Learn how to improve your listening skills and be there for those who need you in everyday life
Summary of contents
- What is the role of a listener?
- So...what exactly is good listening?
- Be present
- Don't jugde
- Show empathy
- No agenda-Let it flow
- Listen to learn
- Use body language
- Give feedback
- Be reflective
- In conclusion
What is the role of a listener?
Most of us are taught the art of conversation from a very early age. While this may help create social relationships, it does not presuppose that we can respond equally well to both roles of a conversation: the speaker and the listener. Τhe role of a listener, in particular, is much more demanding; it often depends on the listener whether a discussion will continue or not.
Good listeners are always there to pay attention to the one who is talking, trying to understand what they want to say, and actively participating in the development of the conversation. Being a good listener is one of the best ways to make people feel important and appreciated, and it can help you establish meaningful relationships.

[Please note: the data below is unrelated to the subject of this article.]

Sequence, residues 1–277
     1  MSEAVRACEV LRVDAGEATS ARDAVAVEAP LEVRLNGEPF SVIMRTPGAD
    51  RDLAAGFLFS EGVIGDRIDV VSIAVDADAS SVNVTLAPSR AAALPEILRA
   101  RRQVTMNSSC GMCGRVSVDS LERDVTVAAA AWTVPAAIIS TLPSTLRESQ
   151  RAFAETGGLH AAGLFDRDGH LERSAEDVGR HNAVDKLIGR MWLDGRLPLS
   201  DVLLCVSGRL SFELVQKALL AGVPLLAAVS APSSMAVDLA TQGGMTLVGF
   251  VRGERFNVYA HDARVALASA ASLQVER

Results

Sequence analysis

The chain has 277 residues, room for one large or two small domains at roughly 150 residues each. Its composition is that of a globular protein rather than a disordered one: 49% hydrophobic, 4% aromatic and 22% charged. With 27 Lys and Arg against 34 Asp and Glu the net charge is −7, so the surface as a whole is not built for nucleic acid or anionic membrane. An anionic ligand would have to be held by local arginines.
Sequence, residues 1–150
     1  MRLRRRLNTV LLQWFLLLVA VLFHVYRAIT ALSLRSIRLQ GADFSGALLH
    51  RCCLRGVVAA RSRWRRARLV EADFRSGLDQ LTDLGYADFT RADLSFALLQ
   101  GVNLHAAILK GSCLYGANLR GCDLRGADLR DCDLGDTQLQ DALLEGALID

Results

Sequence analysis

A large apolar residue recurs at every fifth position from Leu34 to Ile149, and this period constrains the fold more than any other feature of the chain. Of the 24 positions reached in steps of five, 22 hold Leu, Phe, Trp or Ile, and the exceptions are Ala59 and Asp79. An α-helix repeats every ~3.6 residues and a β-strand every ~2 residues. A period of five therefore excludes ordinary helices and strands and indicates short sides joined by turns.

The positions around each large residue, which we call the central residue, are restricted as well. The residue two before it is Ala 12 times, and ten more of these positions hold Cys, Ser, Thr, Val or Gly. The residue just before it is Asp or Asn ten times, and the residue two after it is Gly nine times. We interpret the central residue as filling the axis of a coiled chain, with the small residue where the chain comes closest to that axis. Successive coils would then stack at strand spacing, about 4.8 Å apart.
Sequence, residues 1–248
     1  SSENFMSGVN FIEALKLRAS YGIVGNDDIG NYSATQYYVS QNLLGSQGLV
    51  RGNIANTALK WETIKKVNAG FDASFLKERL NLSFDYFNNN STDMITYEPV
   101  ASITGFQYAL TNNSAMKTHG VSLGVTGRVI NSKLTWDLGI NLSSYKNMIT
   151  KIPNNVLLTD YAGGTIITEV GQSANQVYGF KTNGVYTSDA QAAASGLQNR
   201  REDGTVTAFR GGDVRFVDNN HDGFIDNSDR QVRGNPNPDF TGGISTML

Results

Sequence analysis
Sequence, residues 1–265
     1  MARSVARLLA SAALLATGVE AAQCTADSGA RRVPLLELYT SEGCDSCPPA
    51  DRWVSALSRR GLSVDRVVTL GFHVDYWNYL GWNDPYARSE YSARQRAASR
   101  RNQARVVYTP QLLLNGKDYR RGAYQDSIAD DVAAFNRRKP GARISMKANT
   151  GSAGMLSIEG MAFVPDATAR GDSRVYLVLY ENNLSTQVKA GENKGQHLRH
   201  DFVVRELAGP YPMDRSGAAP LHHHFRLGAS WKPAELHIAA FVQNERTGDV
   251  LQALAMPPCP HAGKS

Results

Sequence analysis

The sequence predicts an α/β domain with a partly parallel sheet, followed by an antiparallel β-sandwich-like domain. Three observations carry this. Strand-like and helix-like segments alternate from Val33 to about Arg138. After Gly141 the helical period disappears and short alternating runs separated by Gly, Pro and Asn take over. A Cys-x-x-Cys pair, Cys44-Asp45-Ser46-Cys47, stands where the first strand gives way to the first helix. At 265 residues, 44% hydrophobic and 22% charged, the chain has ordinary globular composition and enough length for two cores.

People with strong listening skills are effective communicators. And if you want to make sure you are getting the best from every conversation, you need to develop those skills.
So... what exactly is good listening?
Good listening is the ability to pay attention to what the other person is saying and be genuinely interested without judging or interrupting. It is more than just saying “yes” to what people are saying. It is about understanding and seeing the world through the other person's eyes. This article will go over the 8 most important things you can do to become a good listener and make others feel comfortable around you.
1. Be present
''Be present''. You have probably heard this phrase from the mindfulness movement. And although we might feel like we know exactly what being present means, it's a much more complicated thing. The idea is to be mindful of the ‘here and now,’ to be in the moment. Stop thinking about the past and future and focus only on what is happening right now. When you’re being present, you can hear what people are saying. You focus on the words the other person is using and their meaning.